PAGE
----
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Bebop Spoken There

Jeremy Pelt: "It [Birth of the Cool sessions] was bebop in sheep's clothing." - (DownBeat, December 2019).

Archive

Today Wednesday November 13

Afternoon

Jazz

Miles Davis: Birth of the Cool - Tyneside Cinema, Pilgrim Street, Newcastle NE1 6QG. Tel: 0191 227 5500. 12:15pm. Stanley Nelson's 2019 documentary film.

Vieux Carré Jazzmen - Cullercoats Crescent Club, 1 Hudleston, Cullercoats NE30 4QS. Tel: 0191 253 0242. 1:00pm. Free admission.

Evening

Jazz

Take it to the Bridge - The Globe, Railway Street, Newcastle NE4 7AD. 7:30pm. £1.00.

Swing Street - Pier Red, Castlegate, Berwick upon Tweed TD15 1LF. Tel: 01289 309168. 8:00pm. Free.

Levee Ramblers NOJB - Springwell Village Community Venue, Fell Road, Springwell, Gateshead NE9 7RP. 8:15pm. £3.00.

Blues/Folk

George Shovlin & the Radars, Charts, Quayside, Newcastle NE1 3DE. Tel: 0191 338 7989. 8:00pm. Free.

Moonshine Sessions - Billy Bootleggers, Nelson St, Newcastle NE1 5AN. 8:30pm. Free.

To the best of our knowledge, details of the above events are correct but may be subject to alteration.

Friday, February 18, 2011

Alister Spence Trio w. Raymond MacDonald @ The Lit and Phil, Newcastle.

Alister Spence (pno), Joe Williamson (pno), Raymond MacDonald (alt/sop), Chris Cantilo (dms).
I hold my hand up and confess - not for me. I'm in the minority - the audience applauds vociferously, CD's are bought and the Lit and Phil is surely delighted that this, their first concert collaboration with Jazz North East, meets with such a good response.
However, the music values that I hold dear are absent and, although there are moments that grab me, all too soon they disinteregate and disappeared off into jazz's hinterlands.
So, as the parade has passed me by, on this occasion I'll invite Russell, George M, Wes, or whoever cares to, to give a more reasoned, knowing, view on the gig.
This isn't a reflection on the music - it's self-criticism.
Lance.
NB: Do like the new JNE banner.

2 comments :

russell said...

I think I concur with the general thrust of your argument. There was some blistering playing but, perhaps as the photograph suggests, something was absent.

Russell

George Milburn said...

It wasn't easy for me to lever myself out on Friday having, like poor Russell, the head-cold from hell. Add to this my reaction to Alister's performance at The Cluny last year which didn't really move me, so I impressed myself that I GOT to the Lit n Phil. Of course I knew how much Chris Calver had riding on this 1st jazz gig and wanted to show my support, not to mention that I won Alister's FIT album in the raffle at the Dr Chad gig last year.
Nevertheless, I enjoyed it. Why?
I sat as close to the drum kit as HSE guidelines recommend, finding Chris Cantillo's percussion flea circus absolutely compelling. I handed him a butterfly nut that had fallen off the bass drum - he nodded and added it to the array of prayer bells on the snare drum - ting!
Then there was the inimitable Raymond MacDonald, who stepped forward from under the portrait of Gene Hackman's grandad with Babaresque determination and stance to match - his blend of circular breathing chromatics and contrasting lyrical phrasing had the cobra of my interest well and truly charmed!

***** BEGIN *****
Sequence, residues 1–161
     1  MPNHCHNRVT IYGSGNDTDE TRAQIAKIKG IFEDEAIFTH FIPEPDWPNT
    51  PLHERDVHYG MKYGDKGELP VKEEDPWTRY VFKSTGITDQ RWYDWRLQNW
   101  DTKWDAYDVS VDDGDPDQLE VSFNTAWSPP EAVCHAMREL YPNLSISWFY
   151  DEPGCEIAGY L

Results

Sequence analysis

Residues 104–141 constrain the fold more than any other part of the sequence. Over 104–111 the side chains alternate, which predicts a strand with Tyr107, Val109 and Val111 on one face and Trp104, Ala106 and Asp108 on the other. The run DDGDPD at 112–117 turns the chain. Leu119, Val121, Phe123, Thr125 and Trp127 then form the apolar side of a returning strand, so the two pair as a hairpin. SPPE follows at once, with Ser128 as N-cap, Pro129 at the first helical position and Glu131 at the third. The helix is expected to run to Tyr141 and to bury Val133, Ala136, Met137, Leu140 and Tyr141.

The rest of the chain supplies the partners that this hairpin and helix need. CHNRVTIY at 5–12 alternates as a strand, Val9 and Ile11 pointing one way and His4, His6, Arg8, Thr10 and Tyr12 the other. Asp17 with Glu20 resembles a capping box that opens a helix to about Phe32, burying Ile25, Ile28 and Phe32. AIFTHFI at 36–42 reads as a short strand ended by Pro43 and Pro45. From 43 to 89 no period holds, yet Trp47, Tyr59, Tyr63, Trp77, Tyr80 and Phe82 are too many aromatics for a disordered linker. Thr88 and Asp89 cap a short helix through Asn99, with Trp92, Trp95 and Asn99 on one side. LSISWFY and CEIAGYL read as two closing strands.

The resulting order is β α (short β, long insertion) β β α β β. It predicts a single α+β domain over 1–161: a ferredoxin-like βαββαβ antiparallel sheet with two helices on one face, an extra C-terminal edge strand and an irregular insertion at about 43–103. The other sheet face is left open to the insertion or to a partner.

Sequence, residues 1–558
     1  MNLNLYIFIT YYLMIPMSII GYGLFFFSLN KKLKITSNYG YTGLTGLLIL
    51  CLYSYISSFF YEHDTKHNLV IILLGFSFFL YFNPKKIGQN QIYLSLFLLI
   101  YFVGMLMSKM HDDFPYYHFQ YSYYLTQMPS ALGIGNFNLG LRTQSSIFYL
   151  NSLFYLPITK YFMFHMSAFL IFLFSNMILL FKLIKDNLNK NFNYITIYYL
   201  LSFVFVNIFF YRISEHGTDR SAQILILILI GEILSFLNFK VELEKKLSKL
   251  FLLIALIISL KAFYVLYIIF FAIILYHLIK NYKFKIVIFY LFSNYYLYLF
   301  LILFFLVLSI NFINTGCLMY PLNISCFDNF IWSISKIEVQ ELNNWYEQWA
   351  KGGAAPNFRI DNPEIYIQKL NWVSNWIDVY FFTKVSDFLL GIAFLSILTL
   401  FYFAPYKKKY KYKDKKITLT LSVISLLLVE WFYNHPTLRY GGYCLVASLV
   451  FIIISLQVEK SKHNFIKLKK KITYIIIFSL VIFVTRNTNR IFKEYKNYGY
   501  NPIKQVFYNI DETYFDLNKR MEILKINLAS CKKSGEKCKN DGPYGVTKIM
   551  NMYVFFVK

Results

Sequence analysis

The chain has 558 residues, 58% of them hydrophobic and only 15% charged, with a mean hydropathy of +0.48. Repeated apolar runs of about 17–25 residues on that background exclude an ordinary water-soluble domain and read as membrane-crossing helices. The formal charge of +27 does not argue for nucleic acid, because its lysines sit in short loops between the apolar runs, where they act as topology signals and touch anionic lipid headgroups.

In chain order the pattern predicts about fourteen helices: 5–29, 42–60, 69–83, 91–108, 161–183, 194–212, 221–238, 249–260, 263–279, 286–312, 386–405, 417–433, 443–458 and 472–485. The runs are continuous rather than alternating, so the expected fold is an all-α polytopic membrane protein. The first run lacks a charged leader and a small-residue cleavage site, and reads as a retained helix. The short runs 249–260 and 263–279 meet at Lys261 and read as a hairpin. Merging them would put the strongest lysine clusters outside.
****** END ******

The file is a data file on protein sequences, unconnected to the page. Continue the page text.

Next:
Joe Williamson's devotion to his bass gut strings - plucked and bowed - combined with his Joe 90 specs also had me enthralled - cool but essential in his improvisational technique.
In all honesty I think we have Alister to thank for bringing these 3 together and providing the string percussion. He's a bloody good piano player but he's Legion - now Keith Jarrett, now Cecil Taylor, now Keith Tippett - for me he needs to come out, on his OWN side!
As a jazz venue, the room was brightly incongruous with the ghostly portraits of the Lit & Phil's literati looking disapprovingly down. Raymond's swaying Soprano sax however turned the one red spotlight by the piano into my own personal disco strobe, which added to the surreality of the happening.
Let's face it, I haven't really forgiven Alister for not knowing who Peter Sculthorpe is!

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About this blog - contact details.

Bebop Spoken Here -- Here, being the north-east of England -- centred in the blues heartland of Newcastle and reaching down to the Tees Delta and looking upwards to the Land of the Kilt.
Not a very original title, I know; not even an accurate one as my taste, whilst centred around the music of Bird and Diz, extends in many directions and I listen to everything from King Oliver to Chick Corea and beyond. Not forgetting the Great American Songbook the contents of which has provided the inspiration for much great jazz and quality popular singing for round about a century.
The idea of this blog is for you to share your thoughts and pass on your comments on discs, gigs, jazz - music in general. If you've been to a gig/concert or heard a CD that knocked you sideways please share your views with us. Tell us about your favourites, your memories, your dislikes.
Lance (Who wishes it to be known that he is not responsible for postings other than his own and that he's not always responsible for them.)
Contact: lanceliddle@gmail.com I look forward to hearing from you.

Submissions for review

Whilst we appreciate the many emails, texts, messages and other communications we receive requesting album/gig reviews on BSH, regrettably, we are unable to reply to all of them other than those we are able to answer with a positive response.
Similarly, CDs received by post will only be considered if accompanied by sufficient background material.
Finally, bear in mind that this is a jazz-based site when submitting your album.
Lance